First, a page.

Of the three tests evaluated, PAS gives the most consistent positive results and has the highest sensitivity. Therefore, PAS should be considered as the best test to verify clinically significant onychomycosis.
Onychomycosis, by definition, is a mycotic infection of the keratinized tissue of the nail plate. Although it is commonly considered to be caused by one of the dermatotropic fungi, a variety of other organisms have been implicated as etiologic agents in the disease, including some bacteria and yeasts. When it is caused by a fungus, any or all of three types of organisms can be involved: dermatophytes, yeasts, and nondermatophyte organisms. The purpose of this study was to identify the microorganisms found in fungal cultures of clinically suspected onychomycosis in the patient population of the Foot Clinics of New York in New York City, the largest foot clinic in the world. Of the 1,800 medical charts reviewed, 214 had culture results, of which 120 were positive. Trichophyton rubrum was the most prevalent pathogen, found in 67% of positive cultures. The most remarkable risk factor was age, with 80% of affected individuals older than 35 years. False-negatives may account for the high percentage (44%) of negative cultures in this study. (J Am Podiatr Med Assoc 92(6): 327-330, 2002)
The incidence of human immunodeficiency virus (HIV) infection in the US has increased over the past decade. This increase has effected concern regarding the risks of HIV infection within the podiatric medical practice. Implementation of an effective infection control program for blood-borne pathogens within the podiatric medical practice can minimize such risks.
Surgical Treatment of Pressure Ulcers of the Heel in Skilled Nursing Facilities
A 12-Year Retrospective Study of 57 Patients
Background: Chronic nonhealing pressure ulcers of the heel in nursing homes are frequent occurrences among bedridden patients with lower-extremity contractures of varying degrees of severity. Conservative local wound care for these patients can be time consuming, ineffective, costly, and may only delay an eventual major leg amputation. This study evaluates the efficacy of limb salvage surgical procedures, partial calcanectomy, total calcanectomy, and excision of the entire calcaneus and talus, for heel ulcers.
Methods: We performed a retrospective review of 57 nursing home residents who had chronic infected nonhealing pressure ulcers of the heel that we had treated over 12 years. Forty-three patients underwent partial calcanectomy, nine underwent total calcanectomy, and five underwent excision of the entire calcaneus and talus. Average postoperative follow-up was 15 months. Also included in this study are representative surgical cases.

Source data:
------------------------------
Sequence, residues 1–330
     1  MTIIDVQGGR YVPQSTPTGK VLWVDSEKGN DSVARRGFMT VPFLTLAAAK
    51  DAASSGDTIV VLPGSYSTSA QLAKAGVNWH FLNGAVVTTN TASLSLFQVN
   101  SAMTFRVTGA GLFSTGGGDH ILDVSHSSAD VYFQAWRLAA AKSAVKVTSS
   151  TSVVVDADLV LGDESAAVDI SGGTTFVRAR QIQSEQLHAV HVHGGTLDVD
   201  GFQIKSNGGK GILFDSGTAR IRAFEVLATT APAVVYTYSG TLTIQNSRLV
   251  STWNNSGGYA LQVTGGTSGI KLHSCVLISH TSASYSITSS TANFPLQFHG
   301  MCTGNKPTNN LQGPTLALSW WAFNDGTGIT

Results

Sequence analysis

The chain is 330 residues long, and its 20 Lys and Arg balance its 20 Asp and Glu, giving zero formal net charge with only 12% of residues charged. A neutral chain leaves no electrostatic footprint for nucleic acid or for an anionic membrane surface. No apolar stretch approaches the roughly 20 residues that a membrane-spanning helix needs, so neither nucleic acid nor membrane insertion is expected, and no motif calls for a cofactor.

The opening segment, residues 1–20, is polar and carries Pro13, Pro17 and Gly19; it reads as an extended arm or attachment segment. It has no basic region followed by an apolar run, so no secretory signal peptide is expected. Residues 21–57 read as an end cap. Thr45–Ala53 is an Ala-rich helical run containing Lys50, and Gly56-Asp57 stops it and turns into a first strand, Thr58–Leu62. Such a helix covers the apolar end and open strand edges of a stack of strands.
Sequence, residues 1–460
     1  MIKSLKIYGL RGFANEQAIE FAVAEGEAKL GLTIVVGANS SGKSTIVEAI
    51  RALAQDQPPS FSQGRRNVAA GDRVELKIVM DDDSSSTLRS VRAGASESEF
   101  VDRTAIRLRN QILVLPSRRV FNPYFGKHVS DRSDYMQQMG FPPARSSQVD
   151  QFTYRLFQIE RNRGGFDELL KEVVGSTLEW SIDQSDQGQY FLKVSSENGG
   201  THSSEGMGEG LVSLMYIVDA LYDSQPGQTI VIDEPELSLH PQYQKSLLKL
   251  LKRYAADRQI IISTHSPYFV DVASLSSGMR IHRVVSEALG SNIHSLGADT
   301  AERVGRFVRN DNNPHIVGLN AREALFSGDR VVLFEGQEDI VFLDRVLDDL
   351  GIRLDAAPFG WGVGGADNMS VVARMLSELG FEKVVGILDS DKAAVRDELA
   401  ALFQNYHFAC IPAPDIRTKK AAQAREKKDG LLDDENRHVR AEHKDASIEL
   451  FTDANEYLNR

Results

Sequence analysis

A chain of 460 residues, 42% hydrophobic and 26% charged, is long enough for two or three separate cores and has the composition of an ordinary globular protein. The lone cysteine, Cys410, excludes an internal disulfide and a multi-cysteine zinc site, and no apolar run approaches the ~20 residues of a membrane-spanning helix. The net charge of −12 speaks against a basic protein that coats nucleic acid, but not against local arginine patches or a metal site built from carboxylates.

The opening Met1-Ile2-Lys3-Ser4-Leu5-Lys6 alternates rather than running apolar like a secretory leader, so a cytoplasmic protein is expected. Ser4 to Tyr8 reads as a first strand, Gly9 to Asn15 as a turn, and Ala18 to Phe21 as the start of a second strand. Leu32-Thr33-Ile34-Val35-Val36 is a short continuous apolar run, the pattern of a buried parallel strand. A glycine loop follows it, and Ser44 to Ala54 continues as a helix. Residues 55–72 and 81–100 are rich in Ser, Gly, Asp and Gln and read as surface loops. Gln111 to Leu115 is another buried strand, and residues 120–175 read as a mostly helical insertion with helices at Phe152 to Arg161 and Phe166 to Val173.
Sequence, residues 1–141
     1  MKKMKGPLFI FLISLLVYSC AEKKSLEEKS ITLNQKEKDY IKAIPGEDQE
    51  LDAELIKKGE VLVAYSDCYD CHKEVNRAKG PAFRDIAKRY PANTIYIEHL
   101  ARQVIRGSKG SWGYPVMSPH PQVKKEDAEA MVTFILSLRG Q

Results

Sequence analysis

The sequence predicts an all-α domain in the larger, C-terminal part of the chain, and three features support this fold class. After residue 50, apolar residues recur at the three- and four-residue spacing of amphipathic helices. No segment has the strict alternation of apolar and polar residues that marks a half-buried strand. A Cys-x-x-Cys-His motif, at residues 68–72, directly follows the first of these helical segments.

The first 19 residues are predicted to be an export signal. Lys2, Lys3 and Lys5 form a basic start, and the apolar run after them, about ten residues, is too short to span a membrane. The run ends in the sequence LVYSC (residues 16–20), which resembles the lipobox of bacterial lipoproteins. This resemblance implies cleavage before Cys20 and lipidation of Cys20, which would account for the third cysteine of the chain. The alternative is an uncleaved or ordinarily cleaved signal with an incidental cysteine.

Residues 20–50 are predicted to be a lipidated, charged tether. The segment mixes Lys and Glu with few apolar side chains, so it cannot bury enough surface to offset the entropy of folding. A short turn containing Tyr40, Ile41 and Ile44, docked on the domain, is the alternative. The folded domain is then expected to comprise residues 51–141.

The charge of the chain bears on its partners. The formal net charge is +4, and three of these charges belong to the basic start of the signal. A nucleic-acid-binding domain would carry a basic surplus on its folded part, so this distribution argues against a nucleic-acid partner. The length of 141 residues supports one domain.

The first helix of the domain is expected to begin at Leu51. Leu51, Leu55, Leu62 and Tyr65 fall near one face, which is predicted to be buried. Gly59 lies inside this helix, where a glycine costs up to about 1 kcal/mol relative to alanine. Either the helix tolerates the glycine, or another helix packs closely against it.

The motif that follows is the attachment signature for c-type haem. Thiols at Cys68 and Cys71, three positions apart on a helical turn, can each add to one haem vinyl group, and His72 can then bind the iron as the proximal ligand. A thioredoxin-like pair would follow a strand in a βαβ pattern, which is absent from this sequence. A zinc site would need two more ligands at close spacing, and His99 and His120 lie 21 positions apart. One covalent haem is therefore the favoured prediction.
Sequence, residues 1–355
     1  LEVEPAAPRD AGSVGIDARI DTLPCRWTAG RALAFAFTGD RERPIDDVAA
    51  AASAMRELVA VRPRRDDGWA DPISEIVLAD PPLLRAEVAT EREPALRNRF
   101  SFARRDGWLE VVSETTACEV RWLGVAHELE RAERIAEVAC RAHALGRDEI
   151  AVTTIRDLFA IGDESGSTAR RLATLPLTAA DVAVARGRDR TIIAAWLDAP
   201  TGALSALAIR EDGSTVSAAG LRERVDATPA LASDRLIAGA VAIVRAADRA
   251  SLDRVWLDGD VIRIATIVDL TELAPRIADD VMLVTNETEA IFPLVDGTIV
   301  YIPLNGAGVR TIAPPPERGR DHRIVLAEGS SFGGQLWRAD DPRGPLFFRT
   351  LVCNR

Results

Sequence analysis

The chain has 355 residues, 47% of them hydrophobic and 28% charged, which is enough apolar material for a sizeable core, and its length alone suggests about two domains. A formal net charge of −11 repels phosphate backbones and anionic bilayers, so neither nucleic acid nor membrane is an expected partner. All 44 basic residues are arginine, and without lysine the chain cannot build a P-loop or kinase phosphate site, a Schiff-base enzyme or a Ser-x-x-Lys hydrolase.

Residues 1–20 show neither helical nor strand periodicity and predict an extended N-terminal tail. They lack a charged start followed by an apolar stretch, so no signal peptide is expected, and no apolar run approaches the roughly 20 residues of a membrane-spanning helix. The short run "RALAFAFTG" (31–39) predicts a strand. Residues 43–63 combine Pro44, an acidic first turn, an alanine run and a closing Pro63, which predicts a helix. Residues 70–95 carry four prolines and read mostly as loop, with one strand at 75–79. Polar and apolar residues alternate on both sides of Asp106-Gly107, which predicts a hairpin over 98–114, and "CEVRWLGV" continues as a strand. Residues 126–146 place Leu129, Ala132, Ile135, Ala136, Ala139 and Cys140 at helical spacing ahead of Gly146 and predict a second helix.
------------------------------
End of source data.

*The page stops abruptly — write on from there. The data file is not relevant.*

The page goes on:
Results: Forty-three patients completed follow-up. Complete healing occurred in 25 patients (58%). Failure to resolve the heel ulcer owing to persistent infection, or recurrence was seen in 18 patients (42%) who eventually had a below-the-knee or above-the-knee amputation. All of the patients with heel pressure ulcers were found to have lower-extremity contractures.
Conclusions: In the nonambulatory contracted patient with a heel ulcer, partial or total calcanectomy or excision of the entire calcaneus and talus offer a viable alternative not only for resolution of infection but also for prevention of limb loss. An aggressive plan must also be instituted to address the lower-extremity contractures in order to prevent recurrence. (J Am Podiatr Med Assoc 101(2): 167–175, 2011)
The increasing resistance of bacteria to antibiotics and the frequency of comorbid conditions of patients make the treatment of diabetic foot infections problematic. In this context, photodynamic therapy could be a useful tool to treat infected wounds. The aim of this study was to evaluate the effect of repeated applications of a phthalocyanine derivative (RLP068) on the bacterial load and on the healing process.
The present analysis was performed on patients with clinically infected ulcers who had been treated with RLP068. A sample for microbiological culture was collected at the first visit before and immediately after the application of RLP068 on the ulcer surface, and the area was illuminated for 8 minutes with a red light. The whole procedure was repeated three times per week at two centers (Florence and Arezzo, Italy) (sample A), and two times per week at the third center (Stuttgart, Germany) (sample B) for 2 weeks.